Seventy-seven percent of caregivers want access to the electronic records of the care recipient to obtain information such as health history, medication lists and test results, according to the NAC survey. Many physicians with electronic medical records have online patient portals where patients or their caregivers can download this information. With this access, caregivers can share records from one physician to the next.
    The ability of caregivers to log onto the system and retrieve lab results or care records also means better practice efficiency, Dr. Manaker said. There are fewer phone calls and staff time dedicated to tracking down that data, he said.

    Nearly 30% of the U.S. population acts as a caregiver to someone else.
    When Dr. Manaker meets caregivers for the first time, he makes sure patients make all necessary authorizations to have information released to caregivers.

    He has had uncomfortable conversations with well-meaning relatives who want to obtain information to help their loved one, except that certain caregivers were never authorized by the patient to receive the information.
    Whether the caregiver is accessing information over the phone, by email or through a patient portal, physicians must do their part to make sure that exchange complies with the Health Insurance Portability and Accountability Act. Not only does the physician need to obtain permission to share data with caregivers, but the data must be shared securely. Though emailing may be convenient, if it's done on an unencrypted or open network and identifiable information is being sent about the patient, the physician is at risk of a HIPAA violation.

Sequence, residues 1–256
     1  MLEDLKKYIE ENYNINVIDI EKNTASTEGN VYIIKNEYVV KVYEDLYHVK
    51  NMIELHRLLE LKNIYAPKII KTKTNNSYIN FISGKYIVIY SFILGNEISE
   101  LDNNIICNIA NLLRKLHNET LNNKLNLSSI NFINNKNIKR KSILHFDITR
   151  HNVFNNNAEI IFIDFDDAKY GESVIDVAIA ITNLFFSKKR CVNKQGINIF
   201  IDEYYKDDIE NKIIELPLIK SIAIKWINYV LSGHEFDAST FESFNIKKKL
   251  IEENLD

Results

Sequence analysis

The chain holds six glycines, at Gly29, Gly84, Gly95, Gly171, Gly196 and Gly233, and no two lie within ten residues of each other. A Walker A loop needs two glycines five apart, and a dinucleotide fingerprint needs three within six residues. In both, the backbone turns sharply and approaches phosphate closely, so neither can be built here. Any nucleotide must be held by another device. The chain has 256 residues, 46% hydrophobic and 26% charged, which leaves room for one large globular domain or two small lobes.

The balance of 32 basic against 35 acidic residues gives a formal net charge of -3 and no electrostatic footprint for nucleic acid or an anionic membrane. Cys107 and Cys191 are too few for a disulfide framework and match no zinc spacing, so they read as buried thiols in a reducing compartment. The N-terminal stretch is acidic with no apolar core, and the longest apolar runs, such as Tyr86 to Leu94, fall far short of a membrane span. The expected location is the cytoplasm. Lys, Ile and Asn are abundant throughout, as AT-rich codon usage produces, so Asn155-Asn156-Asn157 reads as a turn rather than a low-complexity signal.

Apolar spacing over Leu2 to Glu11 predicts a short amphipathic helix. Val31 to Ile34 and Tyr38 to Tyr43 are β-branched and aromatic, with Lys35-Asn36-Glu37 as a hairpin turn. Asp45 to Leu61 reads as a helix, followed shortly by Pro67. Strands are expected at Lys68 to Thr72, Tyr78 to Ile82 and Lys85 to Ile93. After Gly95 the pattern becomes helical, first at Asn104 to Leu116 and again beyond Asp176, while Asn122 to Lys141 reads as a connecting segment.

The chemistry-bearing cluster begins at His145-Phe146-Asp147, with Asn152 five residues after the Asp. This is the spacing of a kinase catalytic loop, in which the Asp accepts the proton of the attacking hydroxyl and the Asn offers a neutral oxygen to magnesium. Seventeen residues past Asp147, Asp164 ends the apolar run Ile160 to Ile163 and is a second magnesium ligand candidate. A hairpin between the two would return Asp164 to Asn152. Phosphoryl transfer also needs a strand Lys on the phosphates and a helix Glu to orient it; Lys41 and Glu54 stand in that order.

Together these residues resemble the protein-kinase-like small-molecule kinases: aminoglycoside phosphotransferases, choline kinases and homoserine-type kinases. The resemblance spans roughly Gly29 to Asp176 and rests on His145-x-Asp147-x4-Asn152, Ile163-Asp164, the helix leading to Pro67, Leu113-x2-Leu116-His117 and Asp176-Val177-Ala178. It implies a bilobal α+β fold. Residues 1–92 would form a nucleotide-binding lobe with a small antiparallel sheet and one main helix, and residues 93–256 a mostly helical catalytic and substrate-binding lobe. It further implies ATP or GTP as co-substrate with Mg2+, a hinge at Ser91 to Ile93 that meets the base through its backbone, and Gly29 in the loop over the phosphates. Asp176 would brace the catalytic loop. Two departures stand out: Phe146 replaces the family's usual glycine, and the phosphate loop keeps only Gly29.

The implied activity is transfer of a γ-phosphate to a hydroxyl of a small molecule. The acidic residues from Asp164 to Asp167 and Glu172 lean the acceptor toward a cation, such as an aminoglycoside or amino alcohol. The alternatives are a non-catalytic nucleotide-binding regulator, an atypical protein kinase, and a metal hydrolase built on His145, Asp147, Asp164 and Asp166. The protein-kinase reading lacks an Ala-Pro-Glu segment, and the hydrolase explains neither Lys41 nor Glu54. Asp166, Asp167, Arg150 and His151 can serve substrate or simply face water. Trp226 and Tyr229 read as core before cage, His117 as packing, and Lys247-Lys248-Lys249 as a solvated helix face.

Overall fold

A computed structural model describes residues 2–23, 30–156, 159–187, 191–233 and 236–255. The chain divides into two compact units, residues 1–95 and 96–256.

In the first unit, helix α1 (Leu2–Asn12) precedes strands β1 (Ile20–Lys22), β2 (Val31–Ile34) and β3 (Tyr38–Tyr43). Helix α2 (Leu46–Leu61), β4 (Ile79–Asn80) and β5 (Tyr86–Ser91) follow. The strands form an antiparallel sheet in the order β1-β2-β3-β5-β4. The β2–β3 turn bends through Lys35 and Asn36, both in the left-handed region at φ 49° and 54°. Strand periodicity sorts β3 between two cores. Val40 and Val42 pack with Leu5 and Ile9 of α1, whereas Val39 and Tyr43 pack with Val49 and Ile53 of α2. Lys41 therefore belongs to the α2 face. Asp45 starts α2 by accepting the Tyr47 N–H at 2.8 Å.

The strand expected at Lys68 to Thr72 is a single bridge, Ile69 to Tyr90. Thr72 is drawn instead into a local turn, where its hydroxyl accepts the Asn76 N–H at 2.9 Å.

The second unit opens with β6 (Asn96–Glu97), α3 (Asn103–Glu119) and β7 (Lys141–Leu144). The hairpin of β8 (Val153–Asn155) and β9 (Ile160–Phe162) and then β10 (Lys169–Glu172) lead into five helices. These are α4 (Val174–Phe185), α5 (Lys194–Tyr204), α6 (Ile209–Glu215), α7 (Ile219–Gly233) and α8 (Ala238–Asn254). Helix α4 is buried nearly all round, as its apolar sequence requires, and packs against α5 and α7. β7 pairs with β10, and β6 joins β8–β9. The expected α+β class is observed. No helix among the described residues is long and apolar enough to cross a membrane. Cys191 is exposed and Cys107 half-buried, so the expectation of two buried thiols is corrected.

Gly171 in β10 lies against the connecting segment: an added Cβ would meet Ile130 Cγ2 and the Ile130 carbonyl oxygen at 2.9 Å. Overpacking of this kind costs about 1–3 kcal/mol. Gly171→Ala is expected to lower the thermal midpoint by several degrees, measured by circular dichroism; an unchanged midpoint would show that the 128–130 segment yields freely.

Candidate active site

Medication compliance. Studies have found that chronically ill patients are noncompliant with their medication about half the time. Some can't afford to fill their prescriptions, but others don't remember to take their medication. For physicians, caregivers can be the best resource they have in ensuring that the medications they prescribe are actually taken by the patient.

    With a more accurate assessment of medication compliance, doctors will find it easier to determine the effectiveness of a prescribed treatment in case changes are needed. Medication tracking can be easy for caregivers living under the same roof as the care recipient, but for the more than 50% who live elsewhere, medication compliance is trickier. There are several tools on the market that physicians can suggest.
    Seventy percent of caregivers not living with a care recipient say a system that would remind the patient when to take medications and dispense pills at the right time would be beneficial, according to the National Alliance for Caregiving survey. There are tools on the market that send audio reminders to the patient to take medications. An alert is sent to the caregiver if a pill hasn't been taken. There also are smart-pill technologies in development that would send alerts to caregivers or physicians when a pill is swallowed.
    Chronically ill patients are noncompliant with their medication about half the time.
    Tools that require action on the care recipient's part must be affordable and easy to use, Hunt said. Physicians can play a great role in finding the right tools for these patients and their caregivers.